Go Mideast, young man Workers seek jobs in Kuwait's reconstruction. PERSIAN GULF SHOWDOWN


Bryon Hohl is a Vietnam veteran who has worked 17 years as a carpenter. Idris Mohammed Nur is an Ethiopian who has lived 20 years in the United States and works as a parking lot attendant on Charles Street.

The two Baltimore men have something in common: both want to strike it rich in reconstructing war-torn Kuwait.

Lured by rumors of salaries as high as a $50 an hour, workers are keeping phone lines to the Kuwaiti Embassy in Washington and state and federal agencies tied up trying to find out how they can get jobs in Kuwait.

"We've gotten a lot of calls from people interested in working in Kuwait," said Curtis Kane, a spokesman for the Maryland Department of Employment and Economic Development.

Kane said 47 Marylanders have filled out applications to work in Kuwait during the past day or so at state unemployment offices, where they are given a special code so the state can keep track of them.

However, only five openings have been posted in the department's job referral listings -- all of them at companies located out of state that are searching for highly specialized workers such as helicopter repairmen.

Kane said he believes it is too soon to tell the extent of work that might be available in Kuwait or how much workers could earn. It may take several weeks or even several months before Maryland companies start receiving contracts and begin hiring workers for the reconstruction.

But Kane cited the efforts by Gov. William Donald Schaefer, who traveled this week to Kuwait, as reason to hope that Maryland companies could receive a significant amount of the rebuilding work.

Louis Grasmick, vice president of the Kuwait-Maryland Partnership, a coalition of Maryland businesses that want to export goods and services to Kuwait, said hundreds of firms and individuals have called his office looking for business opportunities. "It's awesome," he said.

Searching for work in Kuwait can be frustrating. Hohl, who has no job in sight, said he has spent three months researching opportunities in that country. His first step was to go to the library and get addresses for companies already doing business overseas. He sent his resume to many of them. He also called the Kuwaiti Embassy and the office of Rep. Helen Bentley, R-2nd and visited the offices of the Kuwait-Maryland Partnership.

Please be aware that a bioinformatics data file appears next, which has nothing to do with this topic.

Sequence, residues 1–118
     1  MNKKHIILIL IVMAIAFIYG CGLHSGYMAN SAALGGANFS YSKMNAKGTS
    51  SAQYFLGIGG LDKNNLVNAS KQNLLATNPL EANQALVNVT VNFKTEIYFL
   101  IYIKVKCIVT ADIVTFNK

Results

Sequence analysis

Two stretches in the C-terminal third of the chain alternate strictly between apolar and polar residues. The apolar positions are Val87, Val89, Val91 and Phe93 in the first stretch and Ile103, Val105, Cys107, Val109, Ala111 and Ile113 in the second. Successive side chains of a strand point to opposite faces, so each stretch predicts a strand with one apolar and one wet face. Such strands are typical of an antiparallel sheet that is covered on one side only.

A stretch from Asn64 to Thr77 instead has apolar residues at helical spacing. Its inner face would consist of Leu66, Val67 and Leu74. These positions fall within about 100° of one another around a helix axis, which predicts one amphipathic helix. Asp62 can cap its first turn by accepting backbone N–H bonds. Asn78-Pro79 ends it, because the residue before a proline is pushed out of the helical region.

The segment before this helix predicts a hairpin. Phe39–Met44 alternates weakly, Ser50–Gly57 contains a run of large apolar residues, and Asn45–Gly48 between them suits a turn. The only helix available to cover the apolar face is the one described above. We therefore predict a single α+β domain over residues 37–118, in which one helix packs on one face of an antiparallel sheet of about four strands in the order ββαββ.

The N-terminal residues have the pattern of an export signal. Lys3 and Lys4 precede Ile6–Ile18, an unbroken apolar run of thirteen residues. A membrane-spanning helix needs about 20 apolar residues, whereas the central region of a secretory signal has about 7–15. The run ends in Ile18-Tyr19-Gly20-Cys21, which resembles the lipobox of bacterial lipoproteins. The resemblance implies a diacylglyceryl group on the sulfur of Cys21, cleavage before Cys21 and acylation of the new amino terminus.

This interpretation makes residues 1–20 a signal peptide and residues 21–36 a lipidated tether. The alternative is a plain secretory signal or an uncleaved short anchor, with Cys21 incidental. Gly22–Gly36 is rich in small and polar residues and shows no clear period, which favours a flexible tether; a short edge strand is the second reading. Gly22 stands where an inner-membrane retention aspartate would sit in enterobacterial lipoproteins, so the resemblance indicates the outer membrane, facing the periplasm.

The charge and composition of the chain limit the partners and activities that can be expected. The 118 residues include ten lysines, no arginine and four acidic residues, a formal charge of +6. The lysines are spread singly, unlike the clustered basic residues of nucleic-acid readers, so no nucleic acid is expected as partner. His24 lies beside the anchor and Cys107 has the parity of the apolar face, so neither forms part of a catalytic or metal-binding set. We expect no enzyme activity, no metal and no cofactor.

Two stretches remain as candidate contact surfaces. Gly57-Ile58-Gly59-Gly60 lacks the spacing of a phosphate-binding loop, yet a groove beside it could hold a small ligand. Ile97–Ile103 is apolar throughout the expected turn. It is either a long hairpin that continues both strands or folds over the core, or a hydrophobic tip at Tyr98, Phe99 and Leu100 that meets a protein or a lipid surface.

"I don't have anything holding me back," said Kohl, who is 39 and single.

Lately, he has been building houses in Howard County, but work has been slack this winter.

"I got fed up with snow days and weather days cutting me out of a week's pay," Hohl said. "I thought I might try something different."

Nur hopes to market his knowledge of Arabic and of the Arab culture to be a translator in Kuwait. He works 7 a.m. to 6:30 p.m. as a parking attendant in a lot across from the Charles Theatre. He hopes to earn large amounts of money in Kuwait so he can buy his own business, either there or in the United States.

A number of Hispanics in the Baltimore area also are hoping to find work in Kuwait, according to Pastor Lugo, vice president of the Hispanic Federation, an East Coast organization that has a number of members in the Baltimore area.

Lugo, who works at the Aberdeen Proving Ground, said 20 to 25 Hispanics have come to him, hoping he can advise them on job opportunities in Kuwait.

"We have a number of people who are professional people, such as engineers, and people who want to do construction."

Joan Parrish of Essex has been helping several of the men in her family search for jobs in Kuwait. But her phones calls have produced no leads.

Her husband, son and brother, who all are involved in construction, are attracted by the fantastic money they've heard can be earned in Kuwait. "We're hoping for $250,000 in 18 months," she said.

But she said she is not interested in going herself. "I'm not stupid," she said. "You couldn't pay me enough to go there."

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